06 June 2018

Diary of the German Mission at Moreton Bay, 1841 (Part One)

There was a convict settlement at Moreton Bay during 1825-42, centred in what is now the centre of Brisbane, but the first permanent European settlement in the area was established at Nundah in 1838. This was a Moravian mission run by German missionaries with the aim of converting local Aboriginal people to Lutheran Christianity, and was supervised by Reverend Carl Wilhelm Schmidt and later Reverend Christoph Eipper. The mission was named Zion Hill's and in later years the local area became known as German Station.

The settlement had limited success, probably because it was too close to Brisbane to engage with surrounding Aboriginal groups, and it was closed in 1846 and four years later the area was surveyed for land sales. Several of the missionaries and their families were laid to rest in the heritage-listed Nundah cemetery.

Occasional updates on the progress of the mission appeared in the pages of colonial newspapers back in Sydney, including the following extract written in 1841. These pieces give a good idea of everyday life at Zion's Hill.

Extract from Carl F. Gerler's sketch of the German Mission Station at Zion's
Hill, 1846. (John Oxley Library)

Colonial Observer (Sydney), 11 November 1841


Extracts from the Diary of the German Mission at Moreton Bay, from the end of July to the 17th of September, 1841.

July 30 Through the kindness of Mr. Wagner, we have had the loan of a team of bullocks, and of a bullock driver, through that of Mr. Kent, since Friday last, to plough the swamp; which work will soon be completed, when the man will return to the settlement, but the bullocks are at our service 'for an unlimited period.' Mr. Tillmann and some of the brethren were engaged in making a long chain, and a harrow; they also set up the dray which had been taken to pieces, when shipped in Sydney. On the piece of ground on the opposite side of the swamp, appropriated for the use of the natives, where many trees are already cleared; away, the ground is broken up, and three huts have been completed, and will be ready to be inhabited as soon as the plastering will have dried. They belong to Parry., Biralli, and Wogan. This .place will henceforth, for brevity's sake, be called by a native term, "Girkum."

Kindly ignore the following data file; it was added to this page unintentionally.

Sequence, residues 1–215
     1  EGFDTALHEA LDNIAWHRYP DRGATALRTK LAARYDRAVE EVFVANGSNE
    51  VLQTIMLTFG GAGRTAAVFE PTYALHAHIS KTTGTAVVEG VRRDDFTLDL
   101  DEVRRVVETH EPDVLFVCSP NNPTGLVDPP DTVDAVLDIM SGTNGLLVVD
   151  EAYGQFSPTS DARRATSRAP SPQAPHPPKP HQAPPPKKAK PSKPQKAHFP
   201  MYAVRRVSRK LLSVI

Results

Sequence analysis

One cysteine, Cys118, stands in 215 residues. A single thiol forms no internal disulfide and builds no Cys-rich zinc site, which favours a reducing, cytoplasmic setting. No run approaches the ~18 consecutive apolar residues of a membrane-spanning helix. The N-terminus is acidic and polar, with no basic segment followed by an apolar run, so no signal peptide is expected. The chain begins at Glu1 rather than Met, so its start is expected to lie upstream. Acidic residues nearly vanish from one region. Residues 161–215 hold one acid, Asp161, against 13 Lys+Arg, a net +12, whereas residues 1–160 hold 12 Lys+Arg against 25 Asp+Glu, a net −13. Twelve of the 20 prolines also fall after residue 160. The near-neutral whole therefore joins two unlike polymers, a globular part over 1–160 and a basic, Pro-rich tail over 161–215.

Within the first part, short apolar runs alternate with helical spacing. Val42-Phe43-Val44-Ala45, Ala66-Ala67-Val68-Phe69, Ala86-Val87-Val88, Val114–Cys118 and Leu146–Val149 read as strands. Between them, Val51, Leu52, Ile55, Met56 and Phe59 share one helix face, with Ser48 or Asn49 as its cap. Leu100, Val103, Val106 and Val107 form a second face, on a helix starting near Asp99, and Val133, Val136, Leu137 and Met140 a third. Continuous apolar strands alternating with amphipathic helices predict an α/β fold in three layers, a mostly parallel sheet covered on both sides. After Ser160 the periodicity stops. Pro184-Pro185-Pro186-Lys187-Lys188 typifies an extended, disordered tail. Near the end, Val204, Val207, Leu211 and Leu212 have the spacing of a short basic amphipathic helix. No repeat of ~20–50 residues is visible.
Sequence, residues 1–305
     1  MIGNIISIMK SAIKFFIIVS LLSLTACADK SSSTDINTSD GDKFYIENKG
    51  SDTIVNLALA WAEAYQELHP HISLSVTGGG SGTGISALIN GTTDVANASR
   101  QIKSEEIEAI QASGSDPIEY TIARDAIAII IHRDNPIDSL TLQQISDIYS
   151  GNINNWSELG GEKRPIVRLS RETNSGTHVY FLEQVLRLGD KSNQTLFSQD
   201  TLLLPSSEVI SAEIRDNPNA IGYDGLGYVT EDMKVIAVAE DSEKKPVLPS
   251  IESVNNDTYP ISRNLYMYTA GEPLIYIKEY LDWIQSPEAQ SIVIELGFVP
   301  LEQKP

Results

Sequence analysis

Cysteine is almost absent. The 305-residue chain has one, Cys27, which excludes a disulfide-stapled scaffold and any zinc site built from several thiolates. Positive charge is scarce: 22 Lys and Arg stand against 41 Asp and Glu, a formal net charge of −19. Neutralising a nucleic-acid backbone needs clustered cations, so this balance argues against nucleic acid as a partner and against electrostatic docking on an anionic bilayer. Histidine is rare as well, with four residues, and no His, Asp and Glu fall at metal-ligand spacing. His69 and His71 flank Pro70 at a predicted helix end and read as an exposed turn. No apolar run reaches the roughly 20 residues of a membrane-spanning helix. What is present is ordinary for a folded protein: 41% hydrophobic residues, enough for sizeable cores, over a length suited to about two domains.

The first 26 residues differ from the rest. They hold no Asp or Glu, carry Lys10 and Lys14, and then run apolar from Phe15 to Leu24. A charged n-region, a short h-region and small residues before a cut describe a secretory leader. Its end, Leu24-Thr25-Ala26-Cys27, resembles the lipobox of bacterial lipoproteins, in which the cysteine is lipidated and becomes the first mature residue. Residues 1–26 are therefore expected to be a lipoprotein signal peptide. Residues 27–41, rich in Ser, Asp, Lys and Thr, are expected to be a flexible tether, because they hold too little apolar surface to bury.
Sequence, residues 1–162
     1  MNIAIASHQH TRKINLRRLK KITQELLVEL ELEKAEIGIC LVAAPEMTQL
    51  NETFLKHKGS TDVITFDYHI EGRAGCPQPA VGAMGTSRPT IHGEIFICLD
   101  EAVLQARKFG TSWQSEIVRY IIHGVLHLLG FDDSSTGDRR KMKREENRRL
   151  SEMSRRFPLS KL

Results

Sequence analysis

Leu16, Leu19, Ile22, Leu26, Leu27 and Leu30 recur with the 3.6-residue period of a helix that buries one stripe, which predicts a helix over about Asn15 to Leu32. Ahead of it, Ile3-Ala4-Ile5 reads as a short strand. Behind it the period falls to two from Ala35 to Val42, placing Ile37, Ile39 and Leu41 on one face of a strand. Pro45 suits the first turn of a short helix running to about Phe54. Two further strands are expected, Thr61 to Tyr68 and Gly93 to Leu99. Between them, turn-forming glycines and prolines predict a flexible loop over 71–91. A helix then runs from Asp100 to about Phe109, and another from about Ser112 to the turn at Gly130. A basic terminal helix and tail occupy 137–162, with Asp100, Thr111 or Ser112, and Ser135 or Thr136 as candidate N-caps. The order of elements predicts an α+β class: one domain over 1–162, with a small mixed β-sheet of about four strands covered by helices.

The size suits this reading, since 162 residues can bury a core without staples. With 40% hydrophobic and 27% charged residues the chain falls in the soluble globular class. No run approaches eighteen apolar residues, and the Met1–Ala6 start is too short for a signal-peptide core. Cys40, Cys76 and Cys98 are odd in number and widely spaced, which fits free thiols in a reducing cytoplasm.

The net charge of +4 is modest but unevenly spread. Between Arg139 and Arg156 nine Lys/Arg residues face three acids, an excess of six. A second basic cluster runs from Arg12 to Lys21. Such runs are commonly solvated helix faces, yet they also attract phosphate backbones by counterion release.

Since Friday last, there were occupied in building, clearing ground, and working it with the hoe - on Friday 6, Saturday 3, Monday 5, Tuesday 3, Wednesday 2, Thursday 3. and to-day 4 ; altogether 26 natives, who were daily fed with rice, and paid at the close of each day with potatoes. Besides these, other 26 were engaged during this week in shearing our swamp from grass and cornstalks, previous to its being ploughed, who were fed and paid in a similar way; and if to these are added 15, who were employed in jobs about the dwellings of the several members of the Mission, it will appear that 67 natives were occupied and fed in the course of this week. As there were only two or three infants present no school was kept. 

Monday, August 2. - Mr. E.* left the station with Mr. Wagner, in order to visit the Aborigines at Umpie Boonga Ninge Ninge, they were accompanied by three natives, Wunkermany, Boringayo, and Wogan. During their absence, working continued by the rest of the brethren with the natives, partly for their grounds, partly for the use of the mission. Thus; on Saturday 31st of July, four natives were engaged at Girkum, and nine for the mission generally. On Sabbath, the natives, who had been working during the week, received some food for dinner. On Monday, August 2, nine natives were employed for the mission, and Mr. Rode kept school with ten native children. 

Tuesday 3. - Twelve natives were employed for the mission, and eleven children at school. Altogether there were employed during this week 51 natives for the mission, and four ditto at Girkum, and 37 children at school.